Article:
Fratzke et al v. Montana Fish, Wildlife, and Parks et al

Filing 84

ORDER granting 71 Motion for Summary Judgment. Defendant Miller is DISMISSED from this case. This case is CLOSED. Signed by Chief Judge Dana L. Christensen on 10/17/2016. (DLE)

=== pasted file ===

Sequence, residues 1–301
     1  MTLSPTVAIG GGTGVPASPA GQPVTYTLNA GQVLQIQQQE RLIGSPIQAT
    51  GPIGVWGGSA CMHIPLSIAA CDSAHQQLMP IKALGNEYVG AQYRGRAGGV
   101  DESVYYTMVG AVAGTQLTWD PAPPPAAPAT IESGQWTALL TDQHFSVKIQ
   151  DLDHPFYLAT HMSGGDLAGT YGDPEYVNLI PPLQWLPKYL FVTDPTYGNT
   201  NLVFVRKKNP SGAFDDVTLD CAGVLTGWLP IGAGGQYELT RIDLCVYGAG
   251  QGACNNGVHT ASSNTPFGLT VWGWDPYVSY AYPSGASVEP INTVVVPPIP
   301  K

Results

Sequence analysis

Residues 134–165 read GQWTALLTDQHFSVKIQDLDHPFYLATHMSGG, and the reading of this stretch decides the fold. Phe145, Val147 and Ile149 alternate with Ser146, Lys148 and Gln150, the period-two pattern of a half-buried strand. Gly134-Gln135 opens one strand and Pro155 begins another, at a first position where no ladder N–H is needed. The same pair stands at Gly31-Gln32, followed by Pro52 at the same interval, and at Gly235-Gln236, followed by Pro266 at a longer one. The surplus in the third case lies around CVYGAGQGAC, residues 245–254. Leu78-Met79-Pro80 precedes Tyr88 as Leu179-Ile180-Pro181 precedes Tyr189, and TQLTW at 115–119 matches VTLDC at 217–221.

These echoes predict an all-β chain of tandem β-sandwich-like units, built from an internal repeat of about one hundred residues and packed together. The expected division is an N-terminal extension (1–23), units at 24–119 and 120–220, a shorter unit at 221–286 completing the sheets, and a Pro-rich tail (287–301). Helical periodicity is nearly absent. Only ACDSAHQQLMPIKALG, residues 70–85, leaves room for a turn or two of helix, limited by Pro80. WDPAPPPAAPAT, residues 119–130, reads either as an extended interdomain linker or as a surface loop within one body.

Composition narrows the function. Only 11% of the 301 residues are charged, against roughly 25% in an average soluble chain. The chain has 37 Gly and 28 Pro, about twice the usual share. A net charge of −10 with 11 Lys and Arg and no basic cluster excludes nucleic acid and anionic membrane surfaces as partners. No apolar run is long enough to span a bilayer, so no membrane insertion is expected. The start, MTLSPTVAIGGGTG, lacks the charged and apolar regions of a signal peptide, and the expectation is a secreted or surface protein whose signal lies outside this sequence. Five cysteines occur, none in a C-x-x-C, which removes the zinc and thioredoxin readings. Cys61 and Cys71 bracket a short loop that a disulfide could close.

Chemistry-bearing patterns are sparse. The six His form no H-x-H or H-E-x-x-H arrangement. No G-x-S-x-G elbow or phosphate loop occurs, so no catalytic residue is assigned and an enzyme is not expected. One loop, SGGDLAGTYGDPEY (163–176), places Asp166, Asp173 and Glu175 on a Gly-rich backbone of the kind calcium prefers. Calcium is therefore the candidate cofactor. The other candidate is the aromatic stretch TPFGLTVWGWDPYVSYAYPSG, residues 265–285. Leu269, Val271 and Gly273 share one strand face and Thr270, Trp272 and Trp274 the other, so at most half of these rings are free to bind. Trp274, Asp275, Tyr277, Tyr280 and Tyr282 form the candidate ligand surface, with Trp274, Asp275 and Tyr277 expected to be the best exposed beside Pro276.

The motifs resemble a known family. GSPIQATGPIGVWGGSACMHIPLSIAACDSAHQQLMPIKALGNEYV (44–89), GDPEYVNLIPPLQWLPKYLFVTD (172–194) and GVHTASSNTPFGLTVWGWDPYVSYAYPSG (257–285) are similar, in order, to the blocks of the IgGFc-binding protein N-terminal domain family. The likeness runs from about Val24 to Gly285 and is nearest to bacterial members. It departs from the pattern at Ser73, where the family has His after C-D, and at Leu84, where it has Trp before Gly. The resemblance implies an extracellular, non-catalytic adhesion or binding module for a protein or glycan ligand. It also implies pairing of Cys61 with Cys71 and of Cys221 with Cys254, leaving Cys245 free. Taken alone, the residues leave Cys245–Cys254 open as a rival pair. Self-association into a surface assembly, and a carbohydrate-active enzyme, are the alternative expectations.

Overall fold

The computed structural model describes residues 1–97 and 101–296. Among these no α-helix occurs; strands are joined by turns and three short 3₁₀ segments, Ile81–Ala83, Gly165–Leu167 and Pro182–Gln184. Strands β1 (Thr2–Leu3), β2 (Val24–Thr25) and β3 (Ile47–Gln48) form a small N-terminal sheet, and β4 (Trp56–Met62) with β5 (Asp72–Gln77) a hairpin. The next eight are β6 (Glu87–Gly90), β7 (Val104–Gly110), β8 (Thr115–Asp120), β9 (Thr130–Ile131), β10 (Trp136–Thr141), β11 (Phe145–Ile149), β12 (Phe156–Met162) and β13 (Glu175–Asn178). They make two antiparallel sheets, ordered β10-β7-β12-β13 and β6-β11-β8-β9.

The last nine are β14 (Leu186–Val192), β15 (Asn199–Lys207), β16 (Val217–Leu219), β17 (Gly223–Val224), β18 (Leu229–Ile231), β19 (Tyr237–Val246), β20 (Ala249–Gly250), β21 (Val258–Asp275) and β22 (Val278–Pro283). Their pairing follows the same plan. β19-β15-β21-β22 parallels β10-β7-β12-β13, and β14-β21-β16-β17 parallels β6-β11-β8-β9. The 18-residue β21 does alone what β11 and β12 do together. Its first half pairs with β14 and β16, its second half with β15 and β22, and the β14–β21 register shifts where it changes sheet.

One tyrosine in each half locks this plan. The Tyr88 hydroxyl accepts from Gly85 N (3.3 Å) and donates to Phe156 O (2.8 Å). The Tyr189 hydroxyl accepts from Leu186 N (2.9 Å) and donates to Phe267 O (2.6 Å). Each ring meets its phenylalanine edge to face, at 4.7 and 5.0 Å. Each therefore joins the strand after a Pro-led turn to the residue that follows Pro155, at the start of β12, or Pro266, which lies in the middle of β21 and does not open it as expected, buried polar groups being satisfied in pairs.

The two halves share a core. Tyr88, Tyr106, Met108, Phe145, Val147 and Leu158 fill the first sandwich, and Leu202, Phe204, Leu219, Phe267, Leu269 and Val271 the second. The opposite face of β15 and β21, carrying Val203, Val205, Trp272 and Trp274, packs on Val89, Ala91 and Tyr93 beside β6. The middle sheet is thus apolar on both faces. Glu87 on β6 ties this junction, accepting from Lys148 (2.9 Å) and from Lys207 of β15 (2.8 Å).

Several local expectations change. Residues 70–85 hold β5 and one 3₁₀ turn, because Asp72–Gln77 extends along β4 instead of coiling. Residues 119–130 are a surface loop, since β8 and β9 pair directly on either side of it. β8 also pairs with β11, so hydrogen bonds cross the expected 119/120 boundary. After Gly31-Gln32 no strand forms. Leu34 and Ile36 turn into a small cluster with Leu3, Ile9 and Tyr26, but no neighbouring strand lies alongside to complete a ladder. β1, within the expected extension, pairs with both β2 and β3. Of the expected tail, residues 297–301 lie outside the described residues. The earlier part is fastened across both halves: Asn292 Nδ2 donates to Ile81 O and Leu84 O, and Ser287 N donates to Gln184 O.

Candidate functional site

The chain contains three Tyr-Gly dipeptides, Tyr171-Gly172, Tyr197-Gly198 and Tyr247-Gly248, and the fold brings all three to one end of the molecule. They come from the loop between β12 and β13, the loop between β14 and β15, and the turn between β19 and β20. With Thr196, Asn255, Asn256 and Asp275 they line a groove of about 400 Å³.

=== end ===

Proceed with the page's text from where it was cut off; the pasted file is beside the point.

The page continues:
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IN THE UNITED STATES DISTRICT COURT FOR THE DISTRICT OF MONTANA MISSOULA DIVISION ROSS FRATZKE and DEBORA FRATZKE, CV 14–274–M–DLC Plaintiffs, ORDER vs. BRYON MILLER; and DOES 1-25. Defendants. Before the Court is the motion for summary judgment filed by Defendant Bryon Miller (“Miller”). For the reasons explained below, the Court grants the motion. BACKGROUND This case arises from the prosecution of Plaintiffs Ross and Debora Fratzke (“the Fratzkes”) in the Montana Twentieth Judicial District Court on charges of theft by insurance fraud, in violation of Montana Code Annotated § 45-6-301(6), and unlawful possession, shipping, or transportation of game animals, in violation of § 87-3-111. Following the State of Montana’s case at trial, the two fish and wildlife charges were dismissed for lack of probable cause. The jury was unable -1- to reach a verdict on the insurance fraud charge. Ultimately, all of the charges against the Fratzkes were dismissed. Subsequently, they brought this federal suit against multiple Defendants for their roles in the prosecutions. The Fratzkes’ claims include defamation, state law malicious prosecution, malicious prosecution as a violation of 42 U.S.C. § 1983, abuse of process, intentional infliction of emotional distress, and deprivation of their right to privacy under the Montana Constitution. All Defendants have been dismissed from the case with the exception of Miller. Miller worked for the Fratzkes at Flat Iron Outfitting and Les Schwab from 2006 to 2009. He was terminated from Flat Iron Outfitting in December 2009, and then supplied information to the Sanders County Sheriff’s Department that the Fratzkes allegedly committed insurance fraud and game violations. The Fratzkes four claims against Miller—defamation, state law malicious prosecution, abuse of process, and intentional infliction of emotional distress—all stem from Miller’s acts in providing alleged false information to the Sanders County Sheriff’s Department. LEGAL STANDARD A party is entitled to summary judgment if it can demonstrate that “there is no genuine dispute as to any material fact and the movant is entitled to judgment -2- as a matter of law.” Fed. R. Civ. P. 56(a). Summary judgment is warranted where the documentary evidence produced by the parties permits only one conclusion. Anderson v. Liberty Lobby, Inc., 477 U.S. 242, 251 (1986). Only disputes over facts that might affect the outcome of the lawsuit will preclude entry of summary judgment; factual disputes that are irrelevant or unnecessary to the outcome are not considered. Id. at 248. In ruling on a motion for summary judgment, a court must view the evidence “in the light most favorable to the opposing party.” Tolan v. Cotton, 134 S. Ct. 1861, 1866 (2014) (quoting Adickes v. S.H. Kress & Co., 398 U.S. 144, 157 (1970)). “[T]he evidence of the nonmovant is to be believed, and all justifiable inferences are to be drawn in his favor.” Id. at 1863 (quoting Anderson, 477 U.S. at 255). ANALYSIS A federal court sitting in diversity applies the substantive law of the forum state to state law claims. Mason & Dixon Intermodal, Inc. v. Lapmaster Intern. LLC, 632 F.3d 1056, 1060 (9th Cir. 2011). Thus, the Court analyzes Miller’s motion for summary judgment on the Fratzkes’ state law claims pursuant to Montana law. I. Defamation In Montana, a plaintiff must bring a claim for defamation within two years. -3- Mont. Code Ann. § 27-2-204(3). The Fratzkes concede that they failed to bring this claim within the two year statute of limitations. (Doc. 75 at 2.) Therefore, Miller is entitled to summary judgment dismissing the Fratzkes’ defamation claim. II. Malicious Prosecution In order to present a cognizable claim of state law malicious prosecution, the plaintiff bears the burden of proving that “(1) a judicial proceeding was commenced against the plaintiff; (2) the defendant was responsible for instigating, prosecuting, or continuing a judicial proceeding; (3) there was a lack of probable cause for the defendant’s acts; (4) the defendant was actuated by malice; (5) the judicial proceeding terminated favorably for the plaintiff; and (6) the plaintiff suffered damage.” Spoja v. White, 317 P.3d 153, 156 (Mont. 2014) (citations and internal quotation marks omitted). “Malicious prosecution claims are not favored by the law and the burden on the plaintiff is heavy.” White v. State ex rel. Mont. State Fund, 305 P.3d 795, 803 (Mont. 2013) (citations omitted). “When a defendant acts upon a statutory duty and provides information to the proper authorities, who then file criminal charges, that defendant is not liable for ‘instigating’ criminal proceedings.” White, 305 P.3d at 804 (citing Vehrs v. Piquette, 684 P.2d 476, 478 (Mont. 1984) (“providing information to authorities without more” does not satisfy the instigation element in a malicious prosecution -4- claim)). If a plaintiff fails to offer proof of any one of the elements of malicious prosecution, the action fails, and summary judgment in favor of the defendant is proper. Here, there is no dispute that a judicial proceeding was commenced against the Fratzkes. As to the second element, Miller argues it is undisputed that once he provided information to the Sanders County Sheriff Department, he was not the person or entity responsible for bringing the criminal charges against the Fratzkes. Sanders County assigned the case for prosecution to the Assistant Attorney General Barbara Harris (“Harris”), and Harris was the person who investigated the allegations and made the independent prosecutorial decision to pursue criminal charges against the Fratzkes. Thus, from Miller’s perspective, there is no dispute that he was not the person responsible for instigating the judicial action. The Fratzkes disagree with Miller, and contend that he is responsible for instigating the criminal prosecutions against the Fratzkes because he was motivated by malice when he reported the alleged false information to the Sanders County Sheriff Department after being fired. (Doc. 75 at 6; 74 at 4.) The Fratzkes concede that “it was the prosecutor that decided to prosecute th[e] case.” (Doc. 75 at 6.) Nonetheless, the Fratzkes claim that because the prosecution relied on Miller’s alleged false reports, he is liable for malicious prosecution. -5- Both parties cite to White v. State ex rel. Mont. State Fund and Miller v. Watkins, 653 P.2d 126 (Mont. 1982), in support of their positions. The Court agrees with the Fratzkes that Miller was under no statutory obligation to report the alleged false information, as the defendants were in White. The Court finds that the facts in Miller are more applicable to the facts here. In Miller, the Montana Supreme Court found that the appellant did instigate the judicial proceedings because he was the sole person responsible for bringing the information to the authorities. 653 P.2d at 130. The Montana Supreme Court focused on the fact that the appellant admitted during trial that he went to the county and informed him about the false crime because he “expected that [the Plaintiff] would be charged with theft.” Id. Here, there is no indication from the record that Miller’s true intention was to initiate a criminal prosecution against the Fratzkes for insurance fraud. Further, the record shows that he was not the only person who provided law enforcement and the prosecutor with information regarding the Fratzkes alleged insurance fraud and game violations. Thus, the Fratzkes’ assertion that “without Defendant Miller’s reporting to Deputy Spring a case would never have been initiated” is untrue. (Doc. 75 at 7.) While Miller’s information was the first indication of possible insurance fraud and game violations to Sanders County officials, the -6- record makes clear that Sanders County Sheriff Martin Spring interviewed numerous individuals about the alleged conduct before proceeding with potential charges against the Fratzkes. (Doc. 76-2.) Specifically, Miller presents evidence proving Sheriff Spring spoke with Steve Krumm of Muley Bluz, a speciality shop for horse tack and rodeo gear, about two items Ross Fratzke had purchased. Mr. Krumm corroborated that pictures of the alleged stolen items Ross Fratzke submitted to the insurance company were in fact the items Mr. Krumm sold to Ross Fratzke. (Doc. 76-2 at 21–22.) The pictures taken by Sheriff Spring indicated that Ross Fratzke still possessed those specific items. Martin also spoke with the Utah Safe Outlet, who corroborated that a 32 inch Vizio HD LCH TV was stolen from their booth at a trade show in Salt Lake City. (Docs. 76-1 at 2; 76-2 at 10, 16–18.) The Fratzkes had this exact television in their possession when the Sanders County authorities initiated a search warrant on their home. (Doc. 76-2 at 20.) Therefore, based on the record, there is no genuine dispute that Miller was not the sole provider of information supporting the criminal prosecution against the Fratzkes. Consequently, the Fratzkes are unable to prove the instigation element of their malicious prosecution claim. Neither party addresses the probable cause element, but the issue of -7- probable cause is also without factual dispute. “[P]robable cause is determined under an objective standard on the basis of the facts known to the party initiating the legal action” and “[a] finding of probable cause to instigate civil litigation or a criminal prosecution is based on the totality of the circumstances.” Plouffe v. Montana Dep’t of Pub. Health & Human Servs., 45 P.3d 10, 15 (Mont. 2002). In reviewing the record, the Court concludes that there was sufficient probable cause for Harris to initiate charges against the Fratzkes. Harris stated under oath that “based on information and belief, that investigative information developed and provided to her . . . demonstrate[d] probable cause to believe that [the Fratzkes] committed the offenses charged.” (Doc. 4-2 at 1–2). Miller was not the only source of information within the investigative report, and Harris made her decision to prosecute based only on the investigative file and applicable law. Further, no evidence suggests that Miller specifically gave information to Sanders County officials in an attempt to cause the prosecution against the Fratzkes. Thus, there is no dispute that there was sufficient probable cause to prosecute the Fratzkes, and this element of malicious prosecution is also not established. Next, under the fourth element of malice, the record does support a factual dispute as to whether Miller was motivated by malice when he informed the Sanders County officials about the Fratzkes. It is possible a reasonable jury could -8- determine that Miller was actuated by malice, since he was terminated from the Fratzkes’ Flat Iron Outfitting business just before he supplied information to Sanders County officials. The Fratzkes must also establish that the judicial proceeding terminated in their favor, which is not entirely certain here. The Ninth Circuit has not ruled on the issue of whether a hung jury constitutes a favorable termination for the plaintiff. However, other courts, including the Second Circuit, have ruled that when the proceeding ends in a hung jury, the plaintiff’s guilt is still left open and the end result is not considered a per se “favorable outcome” for the plaintiff. See, e.g., Singleton v. Cty. of New York, 632 F.2d 185, 195 (2d Cir. 1980) (when a hung jury results in an “adjournment in contemplation of dismissal” it does not constitute termination in favor of the plaintiff, since such a dismissal “leaves open the question of the accused’s guilt”); Haefner v. Lancaster Cty., 520 F. Supp. 131, 133 (E.D. Pa. 1981), aff’d sub nom., Haefner v. Cty. of Lancaster, Pa, 709 F.2d 1492 (3d Cir. 1983) (“An indecisive disposition, such as a hung jury, will not suffice” because there is no “proof that the prior state criminal prosecution ended in a manner inconsistent with guilt.”). Under Montana law, the general view of a hung jury mistrial has been that it is essentially a nullity and that the subsequent retrial determines a defendant’s guilt or innocence. State v. Herron, 169 Mont. -9- 193, 197, 545 P.2d 678, 681 (1976) (the United States Constitution and Montana Constitution do “not prohibit retrial for the same offense if the first trial results in a hung jury”). Therefore, because the state proceeding ended in an hung jury, it is unlikely under Montana law that the Fratzkes can prove the end result terminated in their favor. Regardless of how Montana law would determine the issue of a hung jury in regards to the Fratzkes innocence, the Fratzkes have not met their heavy burden to prove the majority of the remaining elements of their malicious prosecution claim against Miller. Therefore, Miller is entitled to summary judgment on Count II. III. Abuse of Process To prevail on an abuse of process claim, a plaintiff must show (1) an ulterior purpose, (2) a willful act in the use of the process not proper in the regular conduct of the proceeding. Brault v. Smith, 679 P.2d 236, 240 (Mont. 1984). The plaintiff must show that there was an attempt to use a legal process to “coerce the [plaintiff] to do some collateral thing which he could not be legally and regularly compelled to do.” Brault, 679 P.2d at 240. The record in this matter is devoid of any facts establishing that Miller utilized any legal process against the Fratzkes beyond its intended purpose. Informing authorities of alleged fraudulent conduct does not constitute abuse of -10- process. Therefore, Miller is entitled to summary judgment on this claim. IV. Intentional Infliction of Emotional Distress (“IIED”) Under Montana law, “an independent cause of action for intentional infliction of emotional distress will arise under circumstances where serious or severe emotional distress to the plaintiff was the reasonably foreseeable consequence of the defendant’s intentional act or omission.” Sacco v. High Country Indep. Press, Inc., 896 P.2d 411, 428 (Mont. 1995). “[D]amages for emotional distress are compensatory and, therefore, the focus should be on the reasonable foreseeability that plaintiff’s serious or severe emotional distress was the consequence of the defendant’s act or omission.” Id. “The distress must be reasonable and justified under the circumstances, and there is no liability where the plaintiff has suffered exaggerated and unreasonable emotional distress, unless it results from a peculiar susceptibility to such distress of which the [defendant] had knowledge.” Id. at 426 (citations omitted). “It is for the court to determine whether on the evidence severe [serious] emotional distress can be found; it is for the jury to determine whether, on the evidence, it has in fact existed.” Feller v. First Interstate Bancsystem, Inc., 299 P.3d 338, 346 (Mont. 2013) (citations omitted). The Montana Supreme Court has declined “to hold that a criminal trial, standing alone, causes emotional distress ‘so severe that no reasonable person -11- could be expected to endure it.’” White, 305 P.3d at 806 (citing Sacco, 896 P.2d at 423). The Fratzkes’ IIED claim fails because Ross Fratzke’s alleged PTSD is not attributable to Miller and is not reasonable and foreseeable under the circumstances. Ross Fratzke claims that he suffers from PTSD as a result of the criminal prosecution, and provides a report from his treatment provider, Philip H. Bornstein, Ph.D., to that effect. Dr. Bornstein’s report concludes that his current PTSD is “clearly related to the Sheriff’s Department raid, his legal entanglements, seizures, and life-flight experiences.” (Doc. 74-2 at 11.) The Montana Supreme Court has found that “where this is a physical manifestation of bodily harm resulting from emotional distress, such as PTSD, this bodily harm is sufficient evidence that the emotional distress suffered by the plaintiff is genuine and severe.” Henricksen v. State, 84 P.3d 38, 55 (Mont. 2004). Therefore, Ross Fratzke argues that Dr. Bornstein’s report satisfies the prima facie showing of severe emotional distress. Miller contends that Ross Fratzke has not put forth sufficient evidence to prove his IIED claim, because Dr. Bornstein’s report does not establish that the -12- PTSD was caused by Miller.1 (Doc. 76 at 6.) The Court agrees. Expert medical testimony must exhibit a reasonable degree of medical certainty. Estate of Willson v. Addison, 258 P.3d 410, 415 (Mont. 2011). Here, the Fratzkes have failed to produce evidence that would create a genuine issue of material fact regarding causation; that is, that Miller caused Ross Fratzke’s PTSD. Dr. Bornstein’s report does not attribute Ross Fratzke’s psychological problems to Miller. According to Dr. Bornstein, it was the subsequent investigation by law enforcement and prosecution that caused Ross Fratzke’s problems. Therefore, the Fratzkes have failed to meet their evidentiary burden on summary judgment regarding their IIED claim. Furthermore, as this Court has already found in this case, it is a stretch to conclude that Ross Fratzke’s PTSD was caused by the actions of the Defendants in this case—the Fratzkes own and operate a hunting lodge and outfitting service, and it is highly foreseeable that, from time to time, they would interface with Montana Fish, Wildlife & Parks personnel and perhaps even be investigated or audited in some fashion. (Doc. 60 at 22.) More importantly, it was the Fratzkes 1 Miller also argues that Dr. Bornstein’s report is inadmissible because it is not supported by an affidavit. The Court need not evaluate that contention here because it finds, even assuming the report is admissible, that the Fratzkes have failed to carry their burden to overcome summary judgment on their IIED claim. -13- own insurance claim that contributed to the investigation. Any reasonable person in the Fratzkes position, who submits an insurance claim for over $20,000 of missing items related to their outfitting business, would expect the insurance claim to be thoroughly investigated. In any event, the Fratzkes cannot prove that Ross Fratzke’s PTSD was caused by Miller, who did not make the decisions to either investigate or prosecute in this case. Based on the foregoing, the Court grants Miller’s motion for summary judgment on Counts I, II, IV, and VI of the Fratzkes’ First Amended Complaint. Accordingly, IT IS ORDERED that Miller’s motion for summary judgment (Doc. 71) is GRANTED. Defendant Miller is DISMISSED from this case. IT IS FURTHER ORDERED that this case is CLOSED. DATED this 17th day of October, 2016. -14-